The past year and a half of Vicki Ianucelli’s life bears many of the earmarks of a midlife crisis. She bought a condo on the beach in Mexico and jetted off to Paris to celebrate a big birthday. She treated herself to a 9.5-karat emerald ring and got breast implants to boost her self-esteem.
But the New York psychologist isn’t a floundering fortysomething or even a newly minted empty-nester. She’s a 60-plus grandmother of two who logged her first midlife crisis more than a decade ago when she got a facelift to get over “looking like Keith Richards.” This time around, Ianucelli says dealing with age-inspired turmoil is harder, especially since she expected to be settled by now. “I didn’t anticipate I’d be so aware of getting older,” says Ianucelli. “I don’t want to feel I’m out of the running because I’m 61.”
The fact that people are living and staying active longer isn’t just a challenge for the Social Security Administration and movie theaters that offer senior-citizen discounts. It’s creating a whole new opportunity for age denial — with grandmas and grandpas bumming around Europe on rail passes, dumping their spouse (or second spouse) and generally alerting their family and friends to sudden life-changing ambitions. In short, many people in their 60s and 70s are experiencing a good, old-fashioned midlife crisis — the second time around.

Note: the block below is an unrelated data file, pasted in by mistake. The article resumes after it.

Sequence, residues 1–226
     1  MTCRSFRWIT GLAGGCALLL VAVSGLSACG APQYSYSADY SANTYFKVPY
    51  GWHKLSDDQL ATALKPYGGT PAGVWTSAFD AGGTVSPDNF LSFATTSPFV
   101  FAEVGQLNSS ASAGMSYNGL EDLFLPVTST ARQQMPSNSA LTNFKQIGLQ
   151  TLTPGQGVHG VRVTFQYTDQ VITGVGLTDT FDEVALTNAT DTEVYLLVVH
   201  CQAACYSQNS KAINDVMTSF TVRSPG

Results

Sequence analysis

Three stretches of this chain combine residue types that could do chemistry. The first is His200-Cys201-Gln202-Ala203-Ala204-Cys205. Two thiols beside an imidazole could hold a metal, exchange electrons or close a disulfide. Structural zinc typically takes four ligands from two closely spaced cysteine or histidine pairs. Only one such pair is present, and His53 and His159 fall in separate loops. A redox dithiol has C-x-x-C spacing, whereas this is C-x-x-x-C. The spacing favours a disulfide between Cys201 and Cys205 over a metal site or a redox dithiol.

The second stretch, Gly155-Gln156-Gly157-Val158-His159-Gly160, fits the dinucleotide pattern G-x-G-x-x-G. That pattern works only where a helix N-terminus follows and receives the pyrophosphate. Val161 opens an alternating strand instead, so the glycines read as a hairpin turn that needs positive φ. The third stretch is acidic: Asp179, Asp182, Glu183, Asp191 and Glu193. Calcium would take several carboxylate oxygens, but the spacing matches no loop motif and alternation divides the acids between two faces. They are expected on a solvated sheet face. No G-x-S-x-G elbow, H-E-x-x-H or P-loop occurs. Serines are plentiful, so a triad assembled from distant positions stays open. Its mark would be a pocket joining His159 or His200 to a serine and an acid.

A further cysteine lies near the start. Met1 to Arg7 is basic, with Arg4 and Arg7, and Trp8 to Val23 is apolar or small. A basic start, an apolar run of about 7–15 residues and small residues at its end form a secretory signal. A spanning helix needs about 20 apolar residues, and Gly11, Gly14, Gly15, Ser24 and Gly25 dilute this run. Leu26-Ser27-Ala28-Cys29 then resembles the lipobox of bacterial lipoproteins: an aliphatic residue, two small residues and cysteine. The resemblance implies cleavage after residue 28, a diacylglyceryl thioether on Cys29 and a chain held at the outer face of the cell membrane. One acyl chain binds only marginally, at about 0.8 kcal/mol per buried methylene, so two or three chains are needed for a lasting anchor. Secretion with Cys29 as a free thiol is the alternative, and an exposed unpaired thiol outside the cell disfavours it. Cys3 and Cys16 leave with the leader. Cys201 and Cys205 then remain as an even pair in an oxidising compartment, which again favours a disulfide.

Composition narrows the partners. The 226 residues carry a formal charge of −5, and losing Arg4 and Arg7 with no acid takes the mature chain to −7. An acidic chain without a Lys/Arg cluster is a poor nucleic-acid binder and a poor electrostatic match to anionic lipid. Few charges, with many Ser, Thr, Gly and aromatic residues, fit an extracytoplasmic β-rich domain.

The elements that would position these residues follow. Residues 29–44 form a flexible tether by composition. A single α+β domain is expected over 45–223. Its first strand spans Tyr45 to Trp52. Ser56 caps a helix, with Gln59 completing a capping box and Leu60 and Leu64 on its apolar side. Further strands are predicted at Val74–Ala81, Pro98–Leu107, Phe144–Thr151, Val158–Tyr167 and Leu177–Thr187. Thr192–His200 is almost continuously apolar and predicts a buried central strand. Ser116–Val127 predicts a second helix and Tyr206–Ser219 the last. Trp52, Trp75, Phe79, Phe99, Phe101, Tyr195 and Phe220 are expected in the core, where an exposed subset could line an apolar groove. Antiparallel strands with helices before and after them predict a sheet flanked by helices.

The evidence is everywhere: There are more 60- and 70-year-olds today running marathons, buying Harleys, dating online and going to rock concerts. According to the American Society for Aesthetic Plastic Surgery, procedures on folks 65 and older have tripled in the past five years. (That group now accounts for one in seven facelifts.)
One reason is that these people have more money to tempt them into indulging their youthful fantasies all over again. According to the U.S. Census Bureau, the number of households headed by people age 60 and up with an income of at least $100,000 jumped 27 percent, to two million, between 1998 and 2002, the most-recent year for which data are available. Also, Americans are living longer. In 2002, life expectancy hit an all-time high of 77.2, up from 75.4 in 2000.
There are lots of other social forces at play, too, from a growing number of divorced seniors to more couples marrying and having children later. Increased pressure is coming from the other end too, as kids grow up at Britney Spears speed. According to a recent survey by market researchers NOPWorld, the classic midlife crisis now hits at 45, down from 49 in 2000, while pop-culture authors have also written about the “quarterlife crisis,” a period when twentysomethings struggle with maturity issues.
“There are more crisis points than ever before,” says Pamela McLean, CEO of the Hudson Institute, an education group in Santa Barbara, Calif., that focuses on middle age. “People in their sixties are no longer passively buying motor homes, but saying ‘I want to be fulfilled.’ ”
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